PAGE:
A look at unusual attitude recovery

By Adam Hunt


Jim Holtom describes an unusual attitude.

The flight's September meeting featured Jim Holtom, a recent graduate of APS

Emergency Manoeuvre Training in Phoenix, Arizona.

APS is owned by Canadians, but operates from Arizona to take advantage of the U.S. market and the year-round warm VFR weather.

The meeting was well advertised and the topic obviously got the attention of the local pilot population as it was well attended.

As part of the training course APS produces a DVD for its students featuring complete raw video coverage of all their unusual attitude recovery training flights. Holtom took the DVD footage and edited it down into short clips that illustrated his presentation, emphasizing the various upsets and recoveries, including recoveries from wake turbulence, as well as from skidding and slipping turns.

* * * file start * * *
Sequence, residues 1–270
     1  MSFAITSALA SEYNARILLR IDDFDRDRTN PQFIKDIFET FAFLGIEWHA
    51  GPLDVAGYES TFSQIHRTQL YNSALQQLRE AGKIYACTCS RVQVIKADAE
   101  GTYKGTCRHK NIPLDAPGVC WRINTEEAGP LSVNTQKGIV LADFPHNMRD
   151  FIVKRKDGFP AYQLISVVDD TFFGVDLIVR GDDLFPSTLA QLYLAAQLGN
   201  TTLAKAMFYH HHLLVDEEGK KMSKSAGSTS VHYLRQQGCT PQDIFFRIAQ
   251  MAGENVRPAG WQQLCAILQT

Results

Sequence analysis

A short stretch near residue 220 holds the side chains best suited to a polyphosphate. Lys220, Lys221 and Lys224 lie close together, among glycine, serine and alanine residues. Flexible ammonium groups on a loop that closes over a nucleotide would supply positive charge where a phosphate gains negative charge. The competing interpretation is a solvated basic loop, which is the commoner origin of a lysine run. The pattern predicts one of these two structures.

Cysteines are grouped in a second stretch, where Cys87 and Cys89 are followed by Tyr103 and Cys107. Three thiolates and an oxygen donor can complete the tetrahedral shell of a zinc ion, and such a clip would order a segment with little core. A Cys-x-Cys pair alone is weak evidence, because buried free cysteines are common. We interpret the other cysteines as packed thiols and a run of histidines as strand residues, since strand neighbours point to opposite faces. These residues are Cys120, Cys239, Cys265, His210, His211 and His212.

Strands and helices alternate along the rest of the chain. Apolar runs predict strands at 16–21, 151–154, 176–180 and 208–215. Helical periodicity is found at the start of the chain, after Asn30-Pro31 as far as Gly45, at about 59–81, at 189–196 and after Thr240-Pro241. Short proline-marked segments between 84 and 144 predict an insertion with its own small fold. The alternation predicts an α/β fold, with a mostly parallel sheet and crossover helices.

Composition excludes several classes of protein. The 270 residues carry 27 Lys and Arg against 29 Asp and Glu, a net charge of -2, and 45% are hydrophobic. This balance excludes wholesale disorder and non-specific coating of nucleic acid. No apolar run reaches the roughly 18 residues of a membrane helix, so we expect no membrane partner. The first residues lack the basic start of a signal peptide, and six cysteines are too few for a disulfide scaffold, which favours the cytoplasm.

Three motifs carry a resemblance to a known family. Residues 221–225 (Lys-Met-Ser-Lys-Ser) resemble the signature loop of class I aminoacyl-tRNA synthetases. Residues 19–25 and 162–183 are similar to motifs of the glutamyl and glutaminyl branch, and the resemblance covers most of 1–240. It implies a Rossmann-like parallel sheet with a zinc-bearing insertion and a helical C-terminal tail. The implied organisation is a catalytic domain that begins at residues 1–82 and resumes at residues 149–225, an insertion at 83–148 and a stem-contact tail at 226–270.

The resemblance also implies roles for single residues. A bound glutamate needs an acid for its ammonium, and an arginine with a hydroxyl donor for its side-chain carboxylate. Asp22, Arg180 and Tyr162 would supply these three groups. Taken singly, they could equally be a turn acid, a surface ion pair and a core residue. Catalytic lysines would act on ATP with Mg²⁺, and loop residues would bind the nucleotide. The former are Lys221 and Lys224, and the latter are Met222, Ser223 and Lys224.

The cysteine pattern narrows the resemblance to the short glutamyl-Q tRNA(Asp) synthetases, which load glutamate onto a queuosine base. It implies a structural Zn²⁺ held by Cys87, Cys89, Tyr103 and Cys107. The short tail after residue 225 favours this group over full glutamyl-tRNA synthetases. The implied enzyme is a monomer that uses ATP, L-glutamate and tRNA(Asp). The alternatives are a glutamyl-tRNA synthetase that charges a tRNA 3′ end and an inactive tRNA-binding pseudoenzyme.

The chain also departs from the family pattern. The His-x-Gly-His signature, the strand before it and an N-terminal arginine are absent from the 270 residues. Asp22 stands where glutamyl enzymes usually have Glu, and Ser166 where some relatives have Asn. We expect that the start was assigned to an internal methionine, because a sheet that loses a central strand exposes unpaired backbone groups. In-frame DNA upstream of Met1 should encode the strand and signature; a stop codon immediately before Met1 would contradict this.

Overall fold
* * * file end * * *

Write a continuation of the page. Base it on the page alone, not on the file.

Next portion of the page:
On the course he learned that an airplane, or even a glider, can climb when stalled and that an airplane can fly under full control well below its stall speed, provided that down elevator is used to decrease the loading below one g.

Holtom's presentation was entitled “No Puke, No Glory” as he was airsick nine times in the four training days. Apparently this didn't deter him as he has indicated that he is returning to APS in October 2009 for some more. Visit www.apstraining.com for more information on upset recovery training.